No, no, no. That will not help, trust me. The problem is the stack, not the memory. The stack will overflow because each time you call a function, the return address and any parameters are pushed onto the stack. In my function, the parameters are popped off of the stack, and the return address is popped off at the end of each function and finally at the end of each call. However, the problem is that prior to these being popped off of the stack, they are causing the stack to overflow. I've tried this with a very large stack and it still overflows. Memory, or at least the way you are thinking about it, has nothing whatsoever to do with my problem.

Stacks use memory, but it is not how you are thinking. Now it might be possible to set my stack segment to the EMS page frame, but that logical frame is only 16kb in size. I would also have to check if the stack is larger than that and if so map diff logical pages to the physical page. However, this program would crash hard, because the stack would have to be unwound inside of EMS and across multiple logical pages, which is both too complex and too risky to implement in pure C.

STACK
..parameter4
..parameter3
..parameter2
..parameter1

This is the stack frame (simplified) upon entry during the first iteration. After 1 complete iteration it will look like this.

STACK
..first return address -> first call -> DWORD
..parameter4 -> WORD
..parameter3 -> WORD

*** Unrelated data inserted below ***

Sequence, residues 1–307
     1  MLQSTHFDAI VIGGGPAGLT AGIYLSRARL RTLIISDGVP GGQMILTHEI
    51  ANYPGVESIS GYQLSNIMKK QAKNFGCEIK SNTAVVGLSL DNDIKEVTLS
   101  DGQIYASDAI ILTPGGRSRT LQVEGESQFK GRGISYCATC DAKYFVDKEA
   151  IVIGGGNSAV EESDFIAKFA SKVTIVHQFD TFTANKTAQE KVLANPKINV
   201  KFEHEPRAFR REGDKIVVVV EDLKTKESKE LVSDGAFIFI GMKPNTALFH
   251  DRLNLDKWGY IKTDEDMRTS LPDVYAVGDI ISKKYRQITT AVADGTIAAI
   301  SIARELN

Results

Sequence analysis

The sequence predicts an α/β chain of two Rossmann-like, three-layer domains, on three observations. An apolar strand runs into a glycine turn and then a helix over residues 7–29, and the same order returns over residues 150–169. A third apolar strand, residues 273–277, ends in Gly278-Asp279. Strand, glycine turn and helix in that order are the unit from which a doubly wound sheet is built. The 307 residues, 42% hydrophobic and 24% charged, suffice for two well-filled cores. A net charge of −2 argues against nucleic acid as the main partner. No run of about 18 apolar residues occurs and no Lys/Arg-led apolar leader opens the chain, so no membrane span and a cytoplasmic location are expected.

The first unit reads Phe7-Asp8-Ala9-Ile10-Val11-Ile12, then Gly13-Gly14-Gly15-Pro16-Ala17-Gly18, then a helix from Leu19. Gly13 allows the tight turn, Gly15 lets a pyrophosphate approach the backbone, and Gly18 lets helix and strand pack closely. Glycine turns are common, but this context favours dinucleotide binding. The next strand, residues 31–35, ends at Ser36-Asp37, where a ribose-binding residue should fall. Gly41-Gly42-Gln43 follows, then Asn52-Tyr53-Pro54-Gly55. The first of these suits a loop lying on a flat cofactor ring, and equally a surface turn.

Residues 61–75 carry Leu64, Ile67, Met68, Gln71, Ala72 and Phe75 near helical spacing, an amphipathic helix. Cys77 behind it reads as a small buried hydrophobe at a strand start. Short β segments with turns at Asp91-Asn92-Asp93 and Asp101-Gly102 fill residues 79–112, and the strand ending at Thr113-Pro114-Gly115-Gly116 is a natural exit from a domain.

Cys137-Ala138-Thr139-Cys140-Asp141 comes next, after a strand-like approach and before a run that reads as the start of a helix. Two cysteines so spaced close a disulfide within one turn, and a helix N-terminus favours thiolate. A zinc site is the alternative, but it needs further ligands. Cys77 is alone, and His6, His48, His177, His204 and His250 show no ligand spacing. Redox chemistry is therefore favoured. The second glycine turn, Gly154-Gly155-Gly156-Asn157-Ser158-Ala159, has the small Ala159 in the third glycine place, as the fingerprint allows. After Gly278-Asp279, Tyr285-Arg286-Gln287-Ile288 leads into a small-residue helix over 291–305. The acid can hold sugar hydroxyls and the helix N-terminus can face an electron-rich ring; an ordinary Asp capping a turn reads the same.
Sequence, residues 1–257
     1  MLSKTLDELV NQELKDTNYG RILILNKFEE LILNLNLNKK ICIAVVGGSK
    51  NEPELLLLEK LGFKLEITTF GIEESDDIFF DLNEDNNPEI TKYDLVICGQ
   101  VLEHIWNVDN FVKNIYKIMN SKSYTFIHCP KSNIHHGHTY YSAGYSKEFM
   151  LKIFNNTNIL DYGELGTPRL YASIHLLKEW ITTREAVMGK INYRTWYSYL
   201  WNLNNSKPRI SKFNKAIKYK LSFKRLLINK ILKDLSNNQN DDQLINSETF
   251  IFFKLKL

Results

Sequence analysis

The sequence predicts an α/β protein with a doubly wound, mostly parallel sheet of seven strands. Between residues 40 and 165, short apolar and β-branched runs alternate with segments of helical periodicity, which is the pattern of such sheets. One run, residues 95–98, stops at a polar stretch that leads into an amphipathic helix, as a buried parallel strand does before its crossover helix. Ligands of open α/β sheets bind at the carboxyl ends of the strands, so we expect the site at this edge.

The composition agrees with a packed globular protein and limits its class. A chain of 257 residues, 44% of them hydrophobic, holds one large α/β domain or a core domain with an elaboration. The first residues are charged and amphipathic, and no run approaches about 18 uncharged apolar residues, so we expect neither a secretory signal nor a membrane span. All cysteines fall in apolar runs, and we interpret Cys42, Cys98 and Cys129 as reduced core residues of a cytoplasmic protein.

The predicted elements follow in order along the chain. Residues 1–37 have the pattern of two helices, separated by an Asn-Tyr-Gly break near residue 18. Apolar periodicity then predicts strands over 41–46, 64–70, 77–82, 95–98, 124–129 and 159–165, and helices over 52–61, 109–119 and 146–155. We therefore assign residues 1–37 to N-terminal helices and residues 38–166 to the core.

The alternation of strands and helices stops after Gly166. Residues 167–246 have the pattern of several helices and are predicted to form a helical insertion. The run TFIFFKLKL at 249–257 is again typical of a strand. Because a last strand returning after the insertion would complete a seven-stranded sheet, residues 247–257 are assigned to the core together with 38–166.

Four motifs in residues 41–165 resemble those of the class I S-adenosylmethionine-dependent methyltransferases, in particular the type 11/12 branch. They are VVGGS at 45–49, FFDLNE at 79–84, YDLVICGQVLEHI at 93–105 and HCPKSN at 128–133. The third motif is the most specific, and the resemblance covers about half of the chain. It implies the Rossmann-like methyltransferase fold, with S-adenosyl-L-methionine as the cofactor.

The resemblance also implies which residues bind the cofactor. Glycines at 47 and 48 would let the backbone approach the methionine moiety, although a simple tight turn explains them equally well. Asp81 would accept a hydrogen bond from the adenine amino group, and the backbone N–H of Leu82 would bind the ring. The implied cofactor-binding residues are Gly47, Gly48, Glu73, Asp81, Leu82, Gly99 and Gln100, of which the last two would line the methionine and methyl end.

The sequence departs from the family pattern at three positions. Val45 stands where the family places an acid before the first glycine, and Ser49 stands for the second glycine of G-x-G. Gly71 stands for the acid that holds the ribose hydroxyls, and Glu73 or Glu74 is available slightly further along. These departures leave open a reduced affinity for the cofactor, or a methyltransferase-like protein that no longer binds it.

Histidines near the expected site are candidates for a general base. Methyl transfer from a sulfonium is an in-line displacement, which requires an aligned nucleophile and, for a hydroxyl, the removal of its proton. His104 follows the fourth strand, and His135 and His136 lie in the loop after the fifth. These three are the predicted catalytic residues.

..parameter2 -> WORD
..parameter1 -> WORD
..second return address ->same as above for all calls
..parameter4
..parameter3
..parameter2
..parameter1
..parameter4
..parameter3
..parameter2
..parameter1
..parameter4
..parameter3
..parameter2
..parameter1

This will continue until the function is done. If you know how the stack works, you can easily see why it can overflow very quickly.
• 04-03-2002
VirtualAce
The stack will actually be much larger than that on the first complete iteration, but I simplified it for the post.
• 04-04-2002
muttski
Does that actually work as a flood fill, thats really quite simple compared to what I thought it would have to be. I dont quite understand how it works, it fills in the area sourounded by a certain color???
• 04-04-2002
muttski
Ok I see, it replaces every certain color on the screen with a new color, not quite a flood fill, or am I wrong? If I were you I would re-write it so it doesnt have to call its self.
• 04-04-2002
muttski
Sorry sorry sorry, im wrong I didnt see the "else return", thats a quite cleaver idea for floodfill, mind if I use it? Im not sure how to help you with the stack, but I have an idea how to make it better: